We both shared a sense of pure wonder and unbridled joy during our viewing. Our running commentary throughout the film sat somewhere squarely between Mystery Science Theater 3000-style riffing on the obvious absurdities and numerous declarations of sincere and non-ironic affection.

Afterwards, I had this overwhelming desire to tell everyone I knew about this wonderfully strange and captivating film. The problem was, I didn’t know how to articulate what it was I watched — or why I found it so endearing. Mind you, I still have that problem, even as I attempt to write this review.

My second viewing was with my son, a serious cinephile and budding filmmaker. He watches films with a critic’s eye and can brilliantly dissect every frame from a technical and artistic perspective. Still buzzing from my virgin viewing, I gleefully went back for seconds — waiting to bask in the glow of of our mutual adoration for the film. What I got instead was a scathing indictment of everything wrong with Blood Beat. To be fair, however, all of this criticism was completely justified.

In almost every traditional assessment of cinematic quality, the film is a mess.  

First and foremost, this movie makes absolutely no sense. It sets up a compelling mystery, with a host of questions begging to be answered. But little attempt is made to actually answer those questions, at least not in a satisfying way. It’s wildly uneven, with a first half that languishes and an erratic second half. The nonstop, tonally incongruent soundtrack — a hypnotizing mix of classical music, 80’s era electronic synth, and ridiculous sound effects — frequently overpowers and muffles the film’s already nonsensical dialogue.

The cast is full of unknown first-time actors, most of whom only ever appeared in this one film. To that end, the acting is pretty questionable at times — though the writing doesn’t give anyone much to work with. Random characters appear with no context. Unusual scenes flash on the screen, hinting at a deeper meaning, but real connections are never fully formed.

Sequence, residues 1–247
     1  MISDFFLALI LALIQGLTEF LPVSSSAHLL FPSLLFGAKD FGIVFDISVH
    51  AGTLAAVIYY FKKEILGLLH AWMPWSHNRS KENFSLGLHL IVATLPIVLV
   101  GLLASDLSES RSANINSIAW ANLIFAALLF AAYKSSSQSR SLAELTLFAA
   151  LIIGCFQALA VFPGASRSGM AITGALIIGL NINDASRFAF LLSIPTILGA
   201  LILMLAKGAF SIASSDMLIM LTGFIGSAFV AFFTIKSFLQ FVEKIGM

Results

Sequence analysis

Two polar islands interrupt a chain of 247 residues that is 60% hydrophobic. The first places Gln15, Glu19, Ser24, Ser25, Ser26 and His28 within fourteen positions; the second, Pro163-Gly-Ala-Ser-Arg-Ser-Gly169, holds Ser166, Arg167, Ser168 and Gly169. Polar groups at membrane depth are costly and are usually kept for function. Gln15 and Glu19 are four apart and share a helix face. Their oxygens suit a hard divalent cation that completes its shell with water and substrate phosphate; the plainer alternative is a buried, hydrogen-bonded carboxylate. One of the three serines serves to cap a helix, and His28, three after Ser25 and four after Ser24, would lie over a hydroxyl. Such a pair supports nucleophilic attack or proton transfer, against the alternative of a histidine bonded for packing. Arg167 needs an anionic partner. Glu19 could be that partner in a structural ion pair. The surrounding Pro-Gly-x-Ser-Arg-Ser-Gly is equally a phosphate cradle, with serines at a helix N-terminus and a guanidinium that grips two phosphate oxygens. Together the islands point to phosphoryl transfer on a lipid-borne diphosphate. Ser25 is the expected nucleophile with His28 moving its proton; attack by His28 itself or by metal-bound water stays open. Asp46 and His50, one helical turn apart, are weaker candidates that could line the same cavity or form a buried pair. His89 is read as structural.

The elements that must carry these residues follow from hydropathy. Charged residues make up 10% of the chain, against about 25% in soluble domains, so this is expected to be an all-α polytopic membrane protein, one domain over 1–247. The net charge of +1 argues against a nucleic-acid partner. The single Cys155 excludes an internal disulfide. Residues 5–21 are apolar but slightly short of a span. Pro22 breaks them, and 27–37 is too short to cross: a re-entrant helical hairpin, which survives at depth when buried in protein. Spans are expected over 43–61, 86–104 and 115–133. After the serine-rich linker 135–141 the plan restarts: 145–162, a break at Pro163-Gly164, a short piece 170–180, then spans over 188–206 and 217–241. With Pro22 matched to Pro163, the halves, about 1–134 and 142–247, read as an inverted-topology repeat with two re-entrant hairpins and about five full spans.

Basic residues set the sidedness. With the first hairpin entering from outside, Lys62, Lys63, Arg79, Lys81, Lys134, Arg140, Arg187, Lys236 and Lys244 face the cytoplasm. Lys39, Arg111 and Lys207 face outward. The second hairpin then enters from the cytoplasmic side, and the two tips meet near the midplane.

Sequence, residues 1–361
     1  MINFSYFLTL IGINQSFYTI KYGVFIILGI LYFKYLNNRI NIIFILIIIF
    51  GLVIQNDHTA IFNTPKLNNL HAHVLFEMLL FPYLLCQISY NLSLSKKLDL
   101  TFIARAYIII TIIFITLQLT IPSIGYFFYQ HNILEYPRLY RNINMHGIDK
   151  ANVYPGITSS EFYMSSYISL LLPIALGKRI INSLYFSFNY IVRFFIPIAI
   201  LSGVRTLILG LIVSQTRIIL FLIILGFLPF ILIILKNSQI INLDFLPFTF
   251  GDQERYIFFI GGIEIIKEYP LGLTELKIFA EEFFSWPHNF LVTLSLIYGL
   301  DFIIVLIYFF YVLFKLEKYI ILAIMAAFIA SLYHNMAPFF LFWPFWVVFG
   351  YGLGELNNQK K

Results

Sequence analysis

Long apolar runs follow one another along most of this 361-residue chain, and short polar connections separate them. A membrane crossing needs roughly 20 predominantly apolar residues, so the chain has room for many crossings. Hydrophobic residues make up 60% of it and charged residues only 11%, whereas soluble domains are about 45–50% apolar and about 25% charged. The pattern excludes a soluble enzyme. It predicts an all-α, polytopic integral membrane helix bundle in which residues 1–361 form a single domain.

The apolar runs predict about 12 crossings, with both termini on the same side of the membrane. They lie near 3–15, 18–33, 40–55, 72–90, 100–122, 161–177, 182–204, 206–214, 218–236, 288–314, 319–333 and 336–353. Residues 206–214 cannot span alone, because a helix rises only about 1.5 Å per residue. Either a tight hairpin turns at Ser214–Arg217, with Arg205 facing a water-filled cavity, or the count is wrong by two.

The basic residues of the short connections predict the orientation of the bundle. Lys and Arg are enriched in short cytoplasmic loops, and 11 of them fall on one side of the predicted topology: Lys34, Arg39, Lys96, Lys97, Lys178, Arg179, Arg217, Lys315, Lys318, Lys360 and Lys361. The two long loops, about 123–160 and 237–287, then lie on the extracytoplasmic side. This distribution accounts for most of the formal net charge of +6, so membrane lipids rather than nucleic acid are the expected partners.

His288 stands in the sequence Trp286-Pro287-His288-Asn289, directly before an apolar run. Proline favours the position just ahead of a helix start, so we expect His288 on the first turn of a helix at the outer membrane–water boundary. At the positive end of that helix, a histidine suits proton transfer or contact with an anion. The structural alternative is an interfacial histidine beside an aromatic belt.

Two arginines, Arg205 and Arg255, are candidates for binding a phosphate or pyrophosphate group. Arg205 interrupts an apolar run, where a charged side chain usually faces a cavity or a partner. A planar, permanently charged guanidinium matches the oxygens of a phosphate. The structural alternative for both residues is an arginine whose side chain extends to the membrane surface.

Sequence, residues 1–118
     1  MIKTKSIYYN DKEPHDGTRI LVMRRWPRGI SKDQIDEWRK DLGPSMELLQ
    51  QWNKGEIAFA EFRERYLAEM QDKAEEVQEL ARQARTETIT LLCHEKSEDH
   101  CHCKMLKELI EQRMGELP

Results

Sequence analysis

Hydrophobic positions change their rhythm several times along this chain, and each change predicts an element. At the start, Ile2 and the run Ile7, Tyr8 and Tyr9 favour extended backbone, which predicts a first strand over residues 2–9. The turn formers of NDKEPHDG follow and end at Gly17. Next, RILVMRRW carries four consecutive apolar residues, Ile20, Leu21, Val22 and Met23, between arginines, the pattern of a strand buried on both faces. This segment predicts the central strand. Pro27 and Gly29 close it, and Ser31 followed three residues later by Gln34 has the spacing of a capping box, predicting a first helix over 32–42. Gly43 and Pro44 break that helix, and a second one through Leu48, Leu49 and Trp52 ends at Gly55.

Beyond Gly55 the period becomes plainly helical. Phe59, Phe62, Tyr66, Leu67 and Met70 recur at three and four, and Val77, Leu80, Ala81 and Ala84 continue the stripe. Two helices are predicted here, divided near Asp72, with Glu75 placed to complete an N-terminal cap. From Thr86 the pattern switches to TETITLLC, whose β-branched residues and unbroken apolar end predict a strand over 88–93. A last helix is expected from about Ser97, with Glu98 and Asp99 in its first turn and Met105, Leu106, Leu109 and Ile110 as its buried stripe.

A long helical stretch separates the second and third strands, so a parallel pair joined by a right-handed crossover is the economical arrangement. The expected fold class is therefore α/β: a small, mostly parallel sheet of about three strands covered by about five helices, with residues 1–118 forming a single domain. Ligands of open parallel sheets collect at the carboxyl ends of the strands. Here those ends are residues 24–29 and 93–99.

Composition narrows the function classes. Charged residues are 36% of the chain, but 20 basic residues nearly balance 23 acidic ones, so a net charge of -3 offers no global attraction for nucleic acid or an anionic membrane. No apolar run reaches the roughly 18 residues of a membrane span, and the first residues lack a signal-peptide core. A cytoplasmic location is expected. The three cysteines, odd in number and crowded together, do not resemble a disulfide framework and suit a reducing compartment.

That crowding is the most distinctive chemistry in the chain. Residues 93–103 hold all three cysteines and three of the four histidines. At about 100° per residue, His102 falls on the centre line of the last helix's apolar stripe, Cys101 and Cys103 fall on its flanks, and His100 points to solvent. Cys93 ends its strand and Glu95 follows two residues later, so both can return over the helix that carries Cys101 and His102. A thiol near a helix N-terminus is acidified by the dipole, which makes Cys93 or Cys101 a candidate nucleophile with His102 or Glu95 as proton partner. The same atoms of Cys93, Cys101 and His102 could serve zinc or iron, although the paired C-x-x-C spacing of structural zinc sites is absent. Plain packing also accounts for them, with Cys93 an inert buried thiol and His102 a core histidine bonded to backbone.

In a spot-on observation, my son summed up his thoughts with, “It’s as if this movie is a puzzle with all these interesting pieces, but none of them quite fit together.” Later, however, he did confess, “The more I think about it, the more it grows on me.”

Blood Beat has that kind of effect. By every reasonable measure, it should be easily dismissed. But somehow, inexplicably, it’s got a considerable charm that’s hard to ignore.

My third watch was a solo venture, with the Director’s commentary turned on (subtitled in English). And this only served to both complicate and deepen my love affair with the film. The commentary is in fact, just as strange as the actual movie.

Zaphirato explains that two of his leads, Cathy (Helen Benton) and Gary (Terry Brown), are in no way actors, but rather a real life couple whose unique relationship inspired much of the writing for the film. The paintings that play a prominent role in the film were done by Helen and also inspired the script.

Almost immediately, he confesses to being on a variety of mind-altering substances while writing and filming Blood Beat, adding, “For many people the film, then, is very strange.”